By Jamie Finn (@finnstr), Director of Communications Product Design, Telefonica Digital
Earlier this month, while out visiting our new colleagues at Tokbox in California, I was reminded of one of the many cultural differences that exist even amongst speakers of the same language. We were discussing what should be the “first product” that we do as Telefonica Digital together with Tokbox. The list was starting to grow longer – in fact it was overwhelming in terms of what we could do, but in reality we knew what we had to do and that was to “eat our own dog food” or as the English say “drink our own champagne”.
I find this a curious saying in either guise. And for those of you wondering what these expressions mean – they imply to use your own products or services.
One of the many patterns I see pop up across the number of companies that I’ve worked at or visited is the culture of using your own products and how it reflects the level of commitment or belief in the business.
Some examples of this are how as employees of O2 / Movistar / Vivo we (the employees) are signed up to the mobile phone services from those brands – it is our core business after all. Similarly I would suggest that you won’t see very many Android devices over at the Apple campus except to research the competition nor will you see many Google employees using Microsoft Outlook.
No product improves without feedback and it is vital to support your employer and work towards making it better.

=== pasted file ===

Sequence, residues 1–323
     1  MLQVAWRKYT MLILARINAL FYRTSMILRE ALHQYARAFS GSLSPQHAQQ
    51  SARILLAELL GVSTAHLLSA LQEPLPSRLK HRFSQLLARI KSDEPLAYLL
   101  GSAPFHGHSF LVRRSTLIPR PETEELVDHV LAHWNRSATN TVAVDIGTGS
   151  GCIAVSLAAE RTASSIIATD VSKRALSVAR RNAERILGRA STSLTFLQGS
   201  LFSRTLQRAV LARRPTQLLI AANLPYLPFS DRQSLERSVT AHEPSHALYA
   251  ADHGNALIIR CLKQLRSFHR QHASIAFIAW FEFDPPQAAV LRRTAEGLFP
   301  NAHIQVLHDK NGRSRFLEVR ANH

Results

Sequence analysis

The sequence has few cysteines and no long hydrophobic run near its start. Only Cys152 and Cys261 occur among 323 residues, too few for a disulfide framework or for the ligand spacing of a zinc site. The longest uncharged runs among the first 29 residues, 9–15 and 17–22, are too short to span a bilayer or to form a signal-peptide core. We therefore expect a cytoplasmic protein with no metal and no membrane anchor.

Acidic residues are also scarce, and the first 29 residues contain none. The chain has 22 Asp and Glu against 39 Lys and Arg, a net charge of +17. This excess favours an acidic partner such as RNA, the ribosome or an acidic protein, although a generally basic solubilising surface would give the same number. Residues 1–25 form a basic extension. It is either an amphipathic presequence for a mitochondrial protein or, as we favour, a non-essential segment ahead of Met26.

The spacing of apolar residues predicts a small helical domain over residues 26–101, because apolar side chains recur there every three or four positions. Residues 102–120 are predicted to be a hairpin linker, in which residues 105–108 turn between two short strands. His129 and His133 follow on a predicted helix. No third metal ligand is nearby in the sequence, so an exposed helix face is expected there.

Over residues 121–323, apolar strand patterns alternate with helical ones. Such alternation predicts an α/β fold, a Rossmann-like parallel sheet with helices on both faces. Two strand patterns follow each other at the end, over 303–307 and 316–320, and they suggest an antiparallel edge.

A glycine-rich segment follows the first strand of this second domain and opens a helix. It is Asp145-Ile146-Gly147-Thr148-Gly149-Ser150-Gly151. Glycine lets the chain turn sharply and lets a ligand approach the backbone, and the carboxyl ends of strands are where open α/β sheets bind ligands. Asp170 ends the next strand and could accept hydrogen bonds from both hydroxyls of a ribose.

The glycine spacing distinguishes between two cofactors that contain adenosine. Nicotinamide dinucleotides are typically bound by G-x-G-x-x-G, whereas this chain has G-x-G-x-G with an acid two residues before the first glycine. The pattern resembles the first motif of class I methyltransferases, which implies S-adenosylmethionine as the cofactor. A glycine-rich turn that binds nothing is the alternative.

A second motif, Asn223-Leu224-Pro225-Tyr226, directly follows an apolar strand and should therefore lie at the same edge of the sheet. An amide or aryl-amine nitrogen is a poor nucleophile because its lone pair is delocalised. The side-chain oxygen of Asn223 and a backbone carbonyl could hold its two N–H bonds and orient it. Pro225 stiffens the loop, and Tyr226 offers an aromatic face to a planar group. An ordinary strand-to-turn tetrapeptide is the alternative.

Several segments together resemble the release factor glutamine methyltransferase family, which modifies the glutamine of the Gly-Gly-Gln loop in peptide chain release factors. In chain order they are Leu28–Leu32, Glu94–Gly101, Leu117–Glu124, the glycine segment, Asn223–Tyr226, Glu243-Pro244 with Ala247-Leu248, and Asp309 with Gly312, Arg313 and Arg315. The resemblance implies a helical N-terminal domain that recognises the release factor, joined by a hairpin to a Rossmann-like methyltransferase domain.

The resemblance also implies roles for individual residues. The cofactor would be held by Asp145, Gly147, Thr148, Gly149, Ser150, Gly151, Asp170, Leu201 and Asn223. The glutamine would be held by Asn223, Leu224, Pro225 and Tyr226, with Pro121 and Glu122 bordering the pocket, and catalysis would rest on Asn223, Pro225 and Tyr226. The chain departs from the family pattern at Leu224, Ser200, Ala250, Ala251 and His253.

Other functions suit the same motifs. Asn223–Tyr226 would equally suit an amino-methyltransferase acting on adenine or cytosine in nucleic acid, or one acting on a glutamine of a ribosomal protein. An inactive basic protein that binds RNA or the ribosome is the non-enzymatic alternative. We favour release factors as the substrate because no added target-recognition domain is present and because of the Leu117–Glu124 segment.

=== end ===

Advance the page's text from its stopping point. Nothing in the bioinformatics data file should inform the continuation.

I suppose this mindset comes from my youth, where I spent time growing our family food import and distribution business in Puerto Rico. The one thing that my dad ingrained in me from day one was that we would never, ever under any circumstance whatsoever buy our competitors’ products. We had to support our family business and use our own products.
Flipping back to the matter at hand… sitting with the Tokbox team we started debating things further and finally I stopped and asked them which of their products they used internally? All of them said the same thing: “We use TokTime”. Now Toktime is a beautifully simple concept that really gets to the heart of the problems with video conferencing as basically it is “just” a room. People can go into the “room” at any time as long as its available and have a meeting, that’s it. No flashy anything – just good old face-to-face communications. Honestly when they explained the product to me it all became so simple.
So in an effort to further eradicate competitive products from our work environment, do ‘drink your own champagne’ or ‘eat your own dog food’. You know what I mean, don’t you?